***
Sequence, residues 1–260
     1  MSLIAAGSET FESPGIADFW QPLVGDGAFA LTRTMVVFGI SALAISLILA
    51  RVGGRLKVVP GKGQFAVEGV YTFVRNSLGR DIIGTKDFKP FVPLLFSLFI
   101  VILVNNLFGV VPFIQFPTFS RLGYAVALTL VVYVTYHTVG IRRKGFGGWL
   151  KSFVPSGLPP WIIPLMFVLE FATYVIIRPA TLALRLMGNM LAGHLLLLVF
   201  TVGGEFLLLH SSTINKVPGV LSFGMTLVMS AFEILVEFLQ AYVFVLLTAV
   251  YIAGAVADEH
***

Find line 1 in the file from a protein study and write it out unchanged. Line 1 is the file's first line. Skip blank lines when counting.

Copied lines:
Sequence, residues 1–260